Expectations for Overholt soared as soon as she arrived on the PCHS campus, where older brother Dillon and older sister Mariah had already achieved athletic success. Taking the lead in family feats motivated Overholt nearly as much as her lofty ambitions.
“Definitely, it put a lot of pressure on me, but then it did drive me because I wanted to be better and beat them in certain things,” she said.
Overholt says that with a laugh, and anyone who has spent five minutes around her knows why. The Overholts are a tight-knit family, and it’s uncommon to see one sibling competing in an event without at least one other there to watch and cheer. Her older siblings may have driven her to succeed, but they also helped drive her to practices and games, and she wastes no time citing their part in her achievements.
“They played a huge role,” she said of her siblings as well as her parents. “They’re the ones who took me to practices and other stuff all freshman, sophomore and some of junior year. They definitely played a huge role.
“All my coaches and my parents were a big motivation. Coach D (assistant track coach Dewayne Elliott), he’s been with me since middle school. He was definitely there along the whole way to help me out. And the Alms (Polk basketball coaches Brandy and Billy).”
Nowhere did the strength of Overholt’s family ties show more than during the outdoor state track championships of her freshman and senior years. She won her first state medal as a ninth grader, anchoring a winning 4×400-meter relay team that included Mariah. The two shared a long embrace at race’s end before heading for the victor’s podium.
This May, Olivia was the senior, and she helped Polk claim the 4×800-meter relay title before returning for the 800 meters. She knew it would be her final chance to achieve another goal, an individual state crown, and she led nearly the entire race, crossing the finish line and raising her arms in celebration.
Overholt rarely showed emotion in any arena, and the win wasn’t the only reason she did so this time.
“It was the first individual (state medal), number one, and that was probably one of my biggest wants, or goals, in high school,” Overholt said. “Also, my mom and sister were right on the side. So they’re the first people I saw, and that made it very emotional.”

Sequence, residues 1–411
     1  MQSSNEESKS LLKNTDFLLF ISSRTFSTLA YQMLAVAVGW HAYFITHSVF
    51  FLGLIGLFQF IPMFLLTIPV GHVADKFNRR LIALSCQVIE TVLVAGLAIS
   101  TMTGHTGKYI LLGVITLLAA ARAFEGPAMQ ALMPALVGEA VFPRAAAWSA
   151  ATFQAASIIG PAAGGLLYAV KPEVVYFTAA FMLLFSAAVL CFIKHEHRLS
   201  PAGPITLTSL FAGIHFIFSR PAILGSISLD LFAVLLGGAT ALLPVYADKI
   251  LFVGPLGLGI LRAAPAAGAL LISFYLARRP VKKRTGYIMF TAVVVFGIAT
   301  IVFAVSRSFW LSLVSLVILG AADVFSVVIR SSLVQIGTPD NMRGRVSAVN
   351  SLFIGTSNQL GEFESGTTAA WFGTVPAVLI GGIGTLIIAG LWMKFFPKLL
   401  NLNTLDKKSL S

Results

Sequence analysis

Maybe a pandemic can produce some small, good changes.
Overholt admits that until the coronavirus pandemic struck in early 2020 and changed the world, she envisioned herself first a basketball player. But with no team sports and plenty of opportunities to run, her passion began to change.
“As a freshman basketball was always my first choice, and I always wanted to play college basketball,” she said. “But then, as I started sophomore year and after COVID and everything, track really just became one of my favorites.
“I felt the most comfortable in track. I think that’s because it is like an individual (sport) and a team. I just always felt more comfortable there.”
That comfort, and the accomplishments, led to college track coaches joining their basketball counterparts in calling with scholarship offers. Overholt listened to all, but quickly fell in love with Lenior-Rhyne University, and she signed in April with the Bears’ cross country and track programs.
New goals and new challenges await.
“It wasn’t really a tough choice,” she said of her decision. “I love basketball, but through all of it, I just found I loved track a lot more.
“Going into college, there’s going to be a lot of more competition, even on my team. So I just want to keep up with everybody else and just do the best I can.”
And maybe just make certain others remember her name along the way.